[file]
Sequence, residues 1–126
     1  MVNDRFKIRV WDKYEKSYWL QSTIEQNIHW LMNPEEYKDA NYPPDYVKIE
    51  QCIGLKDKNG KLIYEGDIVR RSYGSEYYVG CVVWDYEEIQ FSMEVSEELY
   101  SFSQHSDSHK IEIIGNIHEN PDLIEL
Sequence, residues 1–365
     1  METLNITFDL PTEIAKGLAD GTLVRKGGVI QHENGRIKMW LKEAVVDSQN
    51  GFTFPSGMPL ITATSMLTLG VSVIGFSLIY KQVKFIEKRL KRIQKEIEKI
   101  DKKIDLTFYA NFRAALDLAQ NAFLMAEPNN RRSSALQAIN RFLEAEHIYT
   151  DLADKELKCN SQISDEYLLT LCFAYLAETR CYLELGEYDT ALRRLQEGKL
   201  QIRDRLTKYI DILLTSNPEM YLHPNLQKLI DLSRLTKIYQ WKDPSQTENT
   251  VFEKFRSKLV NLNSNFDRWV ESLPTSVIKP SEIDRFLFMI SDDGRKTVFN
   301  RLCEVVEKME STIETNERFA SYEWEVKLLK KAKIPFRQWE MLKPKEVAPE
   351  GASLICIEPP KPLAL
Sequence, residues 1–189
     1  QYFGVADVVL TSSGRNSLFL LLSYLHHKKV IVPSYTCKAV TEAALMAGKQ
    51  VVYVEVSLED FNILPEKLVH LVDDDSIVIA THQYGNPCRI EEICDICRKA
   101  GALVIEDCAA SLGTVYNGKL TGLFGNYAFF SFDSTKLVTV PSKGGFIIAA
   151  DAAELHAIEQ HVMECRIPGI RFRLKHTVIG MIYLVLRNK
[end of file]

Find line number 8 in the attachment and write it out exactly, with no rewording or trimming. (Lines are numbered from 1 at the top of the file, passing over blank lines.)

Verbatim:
   101  DKKIDLTFYA NFRAALDLAQ NAFLMAEPNN RRSSALQAIN RFLEAEHIYT